Yep! I think that FF has got all necessary add-ons! I'm not using CookieCuller, but Cookie Manager Button (on the fly) & CookieSafe. I have BetterPrivacy setup, so that FF ordinary tool "Remove All History" at browser closing has an separate box Flash Cookies, thus (translated straightly now from Swedish):
v Visited pages filefetching history
v Forms & Search History
v Cookies
v Cache
v Active Logins
v Site Specific Settings
v Session Manager Saved Session (mostly I have this option unticked, because I want to save at least 10 sessions using Session Manager = a security leakage caused by myself)
v Flash Cookies (this option is added thru setting in BetterPrivacy)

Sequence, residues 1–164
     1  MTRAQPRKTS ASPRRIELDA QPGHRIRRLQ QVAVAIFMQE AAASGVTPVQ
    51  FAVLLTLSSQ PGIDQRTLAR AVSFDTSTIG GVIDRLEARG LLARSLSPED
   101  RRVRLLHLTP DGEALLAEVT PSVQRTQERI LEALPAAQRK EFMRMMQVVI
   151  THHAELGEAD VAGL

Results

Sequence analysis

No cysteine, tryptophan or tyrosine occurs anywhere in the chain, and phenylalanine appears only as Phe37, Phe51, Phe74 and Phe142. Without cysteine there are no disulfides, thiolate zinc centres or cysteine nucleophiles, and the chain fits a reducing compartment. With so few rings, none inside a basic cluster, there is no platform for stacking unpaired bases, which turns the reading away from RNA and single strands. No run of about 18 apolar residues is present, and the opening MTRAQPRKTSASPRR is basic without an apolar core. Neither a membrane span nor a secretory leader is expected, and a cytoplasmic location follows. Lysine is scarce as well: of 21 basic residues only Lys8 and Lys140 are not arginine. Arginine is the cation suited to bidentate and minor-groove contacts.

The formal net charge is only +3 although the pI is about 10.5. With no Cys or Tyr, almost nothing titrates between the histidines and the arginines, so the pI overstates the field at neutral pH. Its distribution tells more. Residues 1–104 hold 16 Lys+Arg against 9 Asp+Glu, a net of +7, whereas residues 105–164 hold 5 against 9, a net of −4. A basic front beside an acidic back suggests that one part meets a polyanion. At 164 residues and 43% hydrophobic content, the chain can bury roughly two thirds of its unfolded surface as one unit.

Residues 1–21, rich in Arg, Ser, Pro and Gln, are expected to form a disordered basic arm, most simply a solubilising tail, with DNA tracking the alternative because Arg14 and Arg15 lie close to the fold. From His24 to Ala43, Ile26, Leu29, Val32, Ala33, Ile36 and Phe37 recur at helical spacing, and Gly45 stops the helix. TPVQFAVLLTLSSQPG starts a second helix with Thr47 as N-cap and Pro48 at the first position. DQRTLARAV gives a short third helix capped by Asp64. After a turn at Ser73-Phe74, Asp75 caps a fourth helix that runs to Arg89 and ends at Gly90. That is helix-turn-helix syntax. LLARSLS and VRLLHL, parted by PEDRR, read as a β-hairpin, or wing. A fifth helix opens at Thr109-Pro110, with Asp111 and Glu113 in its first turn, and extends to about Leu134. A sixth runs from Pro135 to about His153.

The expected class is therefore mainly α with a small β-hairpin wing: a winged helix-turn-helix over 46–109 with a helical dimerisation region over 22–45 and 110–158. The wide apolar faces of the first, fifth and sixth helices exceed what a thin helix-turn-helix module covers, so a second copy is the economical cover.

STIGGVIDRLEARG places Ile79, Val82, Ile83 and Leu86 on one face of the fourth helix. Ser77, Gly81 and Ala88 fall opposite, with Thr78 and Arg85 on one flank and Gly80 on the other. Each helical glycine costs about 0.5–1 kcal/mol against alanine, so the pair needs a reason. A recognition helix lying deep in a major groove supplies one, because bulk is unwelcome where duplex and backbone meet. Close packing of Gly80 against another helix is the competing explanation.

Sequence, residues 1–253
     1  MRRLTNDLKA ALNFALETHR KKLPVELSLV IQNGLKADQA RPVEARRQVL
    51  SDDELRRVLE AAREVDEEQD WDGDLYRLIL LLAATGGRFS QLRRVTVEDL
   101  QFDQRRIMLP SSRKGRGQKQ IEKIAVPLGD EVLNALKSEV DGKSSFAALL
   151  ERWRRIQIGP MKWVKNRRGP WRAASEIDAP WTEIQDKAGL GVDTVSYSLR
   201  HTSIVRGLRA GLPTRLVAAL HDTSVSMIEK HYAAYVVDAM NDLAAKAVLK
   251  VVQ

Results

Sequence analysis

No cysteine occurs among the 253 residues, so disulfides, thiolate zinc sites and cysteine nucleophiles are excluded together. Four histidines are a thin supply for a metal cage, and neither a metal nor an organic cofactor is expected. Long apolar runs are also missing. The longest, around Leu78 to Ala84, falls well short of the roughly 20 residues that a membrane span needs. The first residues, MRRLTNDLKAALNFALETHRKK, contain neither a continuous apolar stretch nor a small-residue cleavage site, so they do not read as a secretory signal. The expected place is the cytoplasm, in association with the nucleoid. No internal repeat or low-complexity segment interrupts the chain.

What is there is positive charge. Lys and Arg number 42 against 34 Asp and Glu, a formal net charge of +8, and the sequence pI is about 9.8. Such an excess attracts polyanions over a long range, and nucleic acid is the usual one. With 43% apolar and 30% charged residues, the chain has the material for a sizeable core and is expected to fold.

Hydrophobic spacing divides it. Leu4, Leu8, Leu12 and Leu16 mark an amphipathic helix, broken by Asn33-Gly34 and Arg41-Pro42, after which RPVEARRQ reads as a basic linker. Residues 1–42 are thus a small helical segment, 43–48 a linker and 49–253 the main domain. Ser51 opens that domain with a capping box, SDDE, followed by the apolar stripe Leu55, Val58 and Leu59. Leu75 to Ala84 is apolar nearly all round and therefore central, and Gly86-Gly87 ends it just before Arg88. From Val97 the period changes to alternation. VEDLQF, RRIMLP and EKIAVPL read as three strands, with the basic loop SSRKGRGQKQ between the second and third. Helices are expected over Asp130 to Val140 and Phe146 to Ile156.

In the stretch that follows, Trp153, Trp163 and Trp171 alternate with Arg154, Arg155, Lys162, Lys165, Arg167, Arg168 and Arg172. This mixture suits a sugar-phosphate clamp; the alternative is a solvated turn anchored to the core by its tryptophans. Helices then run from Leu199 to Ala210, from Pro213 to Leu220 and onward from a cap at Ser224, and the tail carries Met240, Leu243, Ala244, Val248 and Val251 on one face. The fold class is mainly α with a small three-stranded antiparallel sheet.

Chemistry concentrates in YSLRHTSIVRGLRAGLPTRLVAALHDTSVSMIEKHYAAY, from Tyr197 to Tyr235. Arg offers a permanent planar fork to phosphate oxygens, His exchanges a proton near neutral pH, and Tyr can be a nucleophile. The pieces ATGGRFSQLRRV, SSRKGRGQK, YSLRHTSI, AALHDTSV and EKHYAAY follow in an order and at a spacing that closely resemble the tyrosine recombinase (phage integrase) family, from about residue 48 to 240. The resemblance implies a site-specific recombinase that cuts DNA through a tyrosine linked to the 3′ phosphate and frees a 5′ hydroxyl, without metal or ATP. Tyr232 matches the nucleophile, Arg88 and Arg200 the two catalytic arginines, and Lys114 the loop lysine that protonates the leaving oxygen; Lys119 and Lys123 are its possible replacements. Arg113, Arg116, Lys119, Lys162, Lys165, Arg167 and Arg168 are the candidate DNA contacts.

I have an FF extension called Click&Clean (exists also in Chrome), that cleans all browsing history at browser shutdown (incl. cookies) automatically. Click&Clean has an option to add an external cleaner (e.g. Wise Disk Cleaner or CCleaner). I have selected Ccleanerx64.exe, so it cleans at every browser shutdown.
So regarding FF there are many good security extensions to choose between. So securitywise for me FF is a must have browser!
Cheers,
sweidre

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#8 ritchie58

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Posted 26 May 2011 - 09:16 AM

That's another add-on I use too Sweidre! I have it configured to clean everything when the icon is clicked before the browser closes and to also automatically load CCleaner once the browser closes, ready to run. It is an almost needed app for this version of FF since Mozilla did away with the icon that performed that function in earlier versions. I use to keep that default icon in the navigation bar for quick access. I get a kick out of Click&Clean's icon, a roll of toilet paper, lol! Wiping all that unnecessary stuff away! I think it's funny.